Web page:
We use our investments to fund those things that we can predict: our children’s college education needs, their weddings, and our retirement are examples. But we need to consider insurance for those things we can’t predict: disability, illness, premature death of the wage earner for the family or the back breaking expense associated with a long-term care facility in our golden years.
There is no shortage of horror stories regarding people who take a bad fall in their golden years which results in a broken hip, a concussion, or torn knee ligaments. Dementia and Alzheimer’s are terrible conditions that are challenging to deal with for everyone involved. Preparing for these possibilities has been a difficult task for families and insurance companies alike. Some of the earliest long-term care insurance policies have seen premium increases that are staggering to the point of absurdity. On the other hand, the monthly cost of a long-term care facility can also be devastating financially.
So, what is a good plan to manage this risk?
Risk can be managed internally, outsourced, or shared. The challenge most families have with managing it internally is that the funds needed for self-insurance are often already committed to other purposes (college tuition funding, retirement, etc.). Could someone truly self-insure? Yes. However, the costs are not limited to a reserve account of a fixed amount. This would also require annual contributions to this account to manage the 4% inflation rate often seen from these long-term care facilities. If you are a couple and you want to manage the risk of both of you going into these facilities, you have to double both the reserve account AND the yearly additions.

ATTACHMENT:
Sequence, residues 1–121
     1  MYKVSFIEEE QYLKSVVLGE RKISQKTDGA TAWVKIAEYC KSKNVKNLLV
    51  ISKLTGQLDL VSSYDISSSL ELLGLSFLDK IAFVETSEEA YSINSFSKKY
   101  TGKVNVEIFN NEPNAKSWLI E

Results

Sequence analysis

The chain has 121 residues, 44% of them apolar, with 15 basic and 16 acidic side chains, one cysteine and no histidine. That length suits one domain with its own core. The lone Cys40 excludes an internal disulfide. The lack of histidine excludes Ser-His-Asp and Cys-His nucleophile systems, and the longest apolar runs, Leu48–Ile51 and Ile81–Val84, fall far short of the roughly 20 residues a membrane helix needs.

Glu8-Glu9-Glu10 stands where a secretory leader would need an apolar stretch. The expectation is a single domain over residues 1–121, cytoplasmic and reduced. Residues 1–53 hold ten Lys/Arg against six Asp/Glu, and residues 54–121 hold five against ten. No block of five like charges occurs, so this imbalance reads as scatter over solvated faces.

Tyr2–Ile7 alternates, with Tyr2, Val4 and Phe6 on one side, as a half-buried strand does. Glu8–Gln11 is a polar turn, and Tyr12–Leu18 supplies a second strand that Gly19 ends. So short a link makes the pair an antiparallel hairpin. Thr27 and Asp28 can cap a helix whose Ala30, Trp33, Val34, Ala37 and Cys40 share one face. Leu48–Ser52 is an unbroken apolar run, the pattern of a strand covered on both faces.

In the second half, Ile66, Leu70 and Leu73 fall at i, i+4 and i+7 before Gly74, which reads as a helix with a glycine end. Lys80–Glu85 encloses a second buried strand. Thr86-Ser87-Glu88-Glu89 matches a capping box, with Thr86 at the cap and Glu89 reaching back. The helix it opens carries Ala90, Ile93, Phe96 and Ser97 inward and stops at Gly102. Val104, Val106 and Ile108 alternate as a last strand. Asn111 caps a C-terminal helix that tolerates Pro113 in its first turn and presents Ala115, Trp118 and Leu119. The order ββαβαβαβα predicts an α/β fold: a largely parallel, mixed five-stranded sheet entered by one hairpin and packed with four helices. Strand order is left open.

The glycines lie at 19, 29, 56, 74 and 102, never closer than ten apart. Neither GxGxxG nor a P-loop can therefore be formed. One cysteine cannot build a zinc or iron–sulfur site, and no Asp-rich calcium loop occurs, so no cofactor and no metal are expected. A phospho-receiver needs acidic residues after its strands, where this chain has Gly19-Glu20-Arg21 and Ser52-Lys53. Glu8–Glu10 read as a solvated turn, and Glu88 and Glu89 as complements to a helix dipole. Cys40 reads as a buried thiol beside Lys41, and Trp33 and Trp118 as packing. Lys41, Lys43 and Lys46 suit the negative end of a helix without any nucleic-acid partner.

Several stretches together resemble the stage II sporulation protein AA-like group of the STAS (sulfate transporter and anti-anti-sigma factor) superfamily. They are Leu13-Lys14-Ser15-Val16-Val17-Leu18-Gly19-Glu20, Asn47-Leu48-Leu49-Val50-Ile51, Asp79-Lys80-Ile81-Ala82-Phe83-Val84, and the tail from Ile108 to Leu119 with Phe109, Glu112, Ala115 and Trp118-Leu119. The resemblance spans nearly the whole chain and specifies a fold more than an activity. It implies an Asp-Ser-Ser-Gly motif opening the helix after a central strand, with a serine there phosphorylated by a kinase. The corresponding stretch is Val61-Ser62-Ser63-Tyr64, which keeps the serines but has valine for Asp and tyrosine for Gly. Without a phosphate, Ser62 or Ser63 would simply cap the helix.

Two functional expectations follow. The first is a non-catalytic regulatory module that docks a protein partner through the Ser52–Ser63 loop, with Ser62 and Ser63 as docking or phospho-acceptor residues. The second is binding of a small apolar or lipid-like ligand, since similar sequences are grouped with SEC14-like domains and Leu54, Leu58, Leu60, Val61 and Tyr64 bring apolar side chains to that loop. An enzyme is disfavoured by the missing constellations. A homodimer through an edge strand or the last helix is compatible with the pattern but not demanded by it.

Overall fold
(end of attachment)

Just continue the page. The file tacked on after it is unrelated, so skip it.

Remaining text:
Shared Risk Management Approach
Given the incredibly high premiums for traditional long-term care insurance, and no ceiling in sight for increases, a shared risk management approach with a more modern policy is probably the best solution. In recent years insurance companies have created hybrid universal life policies that:
- guarantee no premium increases
- provide multiple premiums to cover long-term care expenses
- include a death benefit that transfers tax-free to heirs in the event the benefit was not completely used
- and even has a partial return of premium feature in the event the benefit was never needed.
Though only a portion of this premium can be recovered, in many cases, it can be as high as 80%. The only risk here is the lost opportunity cost of those premiums. Under no circumstances does this hybrid policy cover all long-term care expenses but the shared risk management is generally tolerable and can prevent financial ruin.
The Financial Perspective
To put things into perspective, the national average for an assisted living facility in 2019 was just over $4000 per month. A nursing home semi-private room was just over $7500 per month. A nursing home with a private room was over $8500 per month. Depending on where you live, these costs could be as much as 50% higher than the national average.
It makes a lot of financial sense to purchase some kind of protection and set aside what you can into a premium stabilization reserve account.
Jeff Mount is President of Real Intelligence LLC. Jeff has been active in the financial services business for the last 25 years.
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